She got to his office and he told her her past [medical] history, and that frightened her, but what he said was true, so she stayed. He reached up on this top shelf and got down a bottle of this patent medicine. There again, she was afraid to take it! But he told her to take it for...I've forgotten how many weeks, before she'd notice any improvement. Sure enough, after so many weeks, she commenced to show improvement - and she got totally over it! I was just a little girl then, but I remember it because nobody thought she'd live, and that was when the picture was taken."
Maybe Mandane's siblings should have made a visit to the "quack" as well!
Mandane's daughter drew a useful lesson from this little incident in her mother's life You might have caught it already when you read the words "I'm very careful what I say...." I never heard my great-aunt say anything harsh or critical about anyone, and I knew her a long time, as she lived to be ninety-six years old. She was a person who took the commands of her faith seriously, paying attention to some uncomfortable words in the book of James:
"...take ships as an example. Although they are so large and are driven by strong winds, they are steered by a very small rudder wherever the pilot wants to go. Likewise, the tongue is a small part of the body, but it makes great boasts. Consider what a great forest is set on fire by a small spark. The tongue is also a fire, a world of evil among the parts of the body. It corrupts the whole body, sets the whole course of one's life on fire... All kinds of animals, birds, reptiles and sea creatures are being tamed and have been tamed by mankind, but no human being can tame the tongue. It is a restless evil, full of deadly poison." (from Chapter 3)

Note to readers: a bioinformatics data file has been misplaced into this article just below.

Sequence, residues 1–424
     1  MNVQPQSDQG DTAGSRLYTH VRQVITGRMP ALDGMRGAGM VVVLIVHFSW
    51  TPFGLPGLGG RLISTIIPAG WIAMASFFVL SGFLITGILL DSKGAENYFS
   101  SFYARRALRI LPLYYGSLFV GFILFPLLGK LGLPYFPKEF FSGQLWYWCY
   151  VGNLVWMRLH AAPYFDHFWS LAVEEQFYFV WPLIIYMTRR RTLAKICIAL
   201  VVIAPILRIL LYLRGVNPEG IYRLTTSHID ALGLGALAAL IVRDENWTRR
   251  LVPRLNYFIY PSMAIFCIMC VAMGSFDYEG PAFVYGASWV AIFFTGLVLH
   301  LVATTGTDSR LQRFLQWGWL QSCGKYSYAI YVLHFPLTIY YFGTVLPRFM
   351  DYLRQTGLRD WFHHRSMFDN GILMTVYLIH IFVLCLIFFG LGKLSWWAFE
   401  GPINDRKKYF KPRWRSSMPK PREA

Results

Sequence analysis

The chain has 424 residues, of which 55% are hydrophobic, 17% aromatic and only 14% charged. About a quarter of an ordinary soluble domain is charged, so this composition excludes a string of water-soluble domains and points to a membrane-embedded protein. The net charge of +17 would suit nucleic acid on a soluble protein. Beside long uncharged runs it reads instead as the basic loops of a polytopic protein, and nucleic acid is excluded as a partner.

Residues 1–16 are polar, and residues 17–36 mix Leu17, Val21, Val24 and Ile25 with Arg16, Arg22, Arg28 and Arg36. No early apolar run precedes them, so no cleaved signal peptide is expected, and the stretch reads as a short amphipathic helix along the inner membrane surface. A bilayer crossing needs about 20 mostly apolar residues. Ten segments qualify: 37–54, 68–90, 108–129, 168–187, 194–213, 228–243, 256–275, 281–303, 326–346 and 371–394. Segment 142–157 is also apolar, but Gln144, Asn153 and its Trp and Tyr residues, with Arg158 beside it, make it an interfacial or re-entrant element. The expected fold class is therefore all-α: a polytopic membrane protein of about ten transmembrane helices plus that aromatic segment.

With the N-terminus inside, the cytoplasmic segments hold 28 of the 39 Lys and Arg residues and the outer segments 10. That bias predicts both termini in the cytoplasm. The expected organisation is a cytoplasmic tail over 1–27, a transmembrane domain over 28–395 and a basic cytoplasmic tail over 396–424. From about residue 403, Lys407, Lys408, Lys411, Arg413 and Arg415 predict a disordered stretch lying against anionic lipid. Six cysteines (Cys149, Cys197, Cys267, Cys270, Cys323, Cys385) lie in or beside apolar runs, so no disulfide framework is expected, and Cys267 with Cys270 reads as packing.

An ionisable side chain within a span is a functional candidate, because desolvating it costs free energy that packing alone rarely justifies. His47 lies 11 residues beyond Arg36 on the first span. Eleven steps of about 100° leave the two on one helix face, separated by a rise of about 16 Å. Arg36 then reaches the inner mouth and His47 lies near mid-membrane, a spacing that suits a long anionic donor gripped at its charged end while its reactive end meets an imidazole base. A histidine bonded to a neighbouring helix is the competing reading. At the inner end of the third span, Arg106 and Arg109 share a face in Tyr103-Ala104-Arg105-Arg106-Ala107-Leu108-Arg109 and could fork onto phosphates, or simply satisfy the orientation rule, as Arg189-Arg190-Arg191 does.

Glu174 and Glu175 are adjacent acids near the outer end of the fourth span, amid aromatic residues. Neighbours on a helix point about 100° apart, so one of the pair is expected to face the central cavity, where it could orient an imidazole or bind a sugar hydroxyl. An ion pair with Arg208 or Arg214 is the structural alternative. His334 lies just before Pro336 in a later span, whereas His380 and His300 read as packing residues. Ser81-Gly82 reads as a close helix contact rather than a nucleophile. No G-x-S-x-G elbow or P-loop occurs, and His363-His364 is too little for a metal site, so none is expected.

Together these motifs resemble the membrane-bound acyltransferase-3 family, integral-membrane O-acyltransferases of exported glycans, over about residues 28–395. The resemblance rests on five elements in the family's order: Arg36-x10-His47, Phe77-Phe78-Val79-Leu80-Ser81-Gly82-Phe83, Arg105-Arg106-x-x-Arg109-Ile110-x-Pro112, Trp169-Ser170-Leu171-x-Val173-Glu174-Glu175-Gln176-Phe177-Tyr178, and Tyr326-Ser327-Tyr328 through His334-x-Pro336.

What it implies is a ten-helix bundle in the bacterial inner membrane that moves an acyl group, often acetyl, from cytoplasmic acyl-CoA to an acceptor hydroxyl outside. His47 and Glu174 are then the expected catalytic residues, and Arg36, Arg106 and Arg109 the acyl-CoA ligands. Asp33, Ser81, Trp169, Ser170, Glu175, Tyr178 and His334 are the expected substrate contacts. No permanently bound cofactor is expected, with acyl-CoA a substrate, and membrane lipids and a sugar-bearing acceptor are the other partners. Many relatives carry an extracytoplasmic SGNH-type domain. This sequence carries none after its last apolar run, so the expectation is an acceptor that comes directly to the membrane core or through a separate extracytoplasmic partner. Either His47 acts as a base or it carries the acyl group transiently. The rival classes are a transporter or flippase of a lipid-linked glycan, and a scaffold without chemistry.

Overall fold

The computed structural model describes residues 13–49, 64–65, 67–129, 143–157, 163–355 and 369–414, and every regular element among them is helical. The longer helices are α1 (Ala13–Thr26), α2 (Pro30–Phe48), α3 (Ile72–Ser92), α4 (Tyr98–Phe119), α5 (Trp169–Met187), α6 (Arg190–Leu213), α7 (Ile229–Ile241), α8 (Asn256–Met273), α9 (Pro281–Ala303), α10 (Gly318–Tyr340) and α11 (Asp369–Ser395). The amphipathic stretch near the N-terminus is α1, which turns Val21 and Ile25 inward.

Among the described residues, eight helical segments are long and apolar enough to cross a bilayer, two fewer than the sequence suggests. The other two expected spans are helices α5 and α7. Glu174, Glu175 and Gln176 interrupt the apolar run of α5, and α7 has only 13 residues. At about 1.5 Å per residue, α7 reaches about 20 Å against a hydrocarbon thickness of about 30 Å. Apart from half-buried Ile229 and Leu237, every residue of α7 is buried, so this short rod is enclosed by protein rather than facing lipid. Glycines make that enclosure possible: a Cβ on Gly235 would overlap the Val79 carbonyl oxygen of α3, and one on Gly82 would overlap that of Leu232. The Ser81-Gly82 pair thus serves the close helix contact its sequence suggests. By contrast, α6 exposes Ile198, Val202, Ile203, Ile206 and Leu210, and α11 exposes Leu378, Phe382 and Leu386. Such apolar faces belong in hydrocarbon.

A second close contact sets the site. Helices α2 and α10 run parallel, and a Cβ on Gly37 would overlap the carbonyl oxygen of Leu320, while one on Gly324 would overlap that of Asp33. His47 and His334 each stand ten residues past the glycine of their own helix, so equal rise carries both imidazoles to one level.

My Aunt Mary saw to it this could not be said of her. The discipline she exercised in guarding her speech would have pleased her mother, for Mandane (by all accounts) was just such another. That, if I may say so, is a legacy worth passing on!
Emma Mandane Dick Lutz
1866 - 1938
What a lesson for all of us from your great aunt and great grandmother! I loved your transcription of your great aunt's words in the conversational style of the day. The pics were great!
How lucky you are to have your Aunt Mary on tape--a real treasure! Can you upload any of it to audio on the site?
Thanks for your comment, Janet. Unfortunately, my aunt was struggling with bronchitis at the time she told the story, and every other word was interrupted by a cough, otherwise I would have uploaded the story. But thanks for the suggestion - you're right. It would have been wonderful to hear her tell it.
What a delightful glimpse into the past, when quacks and snake oil salesmen were so popular. I've often believed that the cure relied more on the cost of the tonic rather than the contents!
Thanks for your kind comments, Annie. As for me, I think it wasn't the cost as much as the subconscious suggeston. But then, maybe you have a point!
A compete delight to read this Susan. You have a wonderful way of words and how to deliver them. Lots to learn in this. Being such an outspoken person it sat me back a bit. I need that occasionally!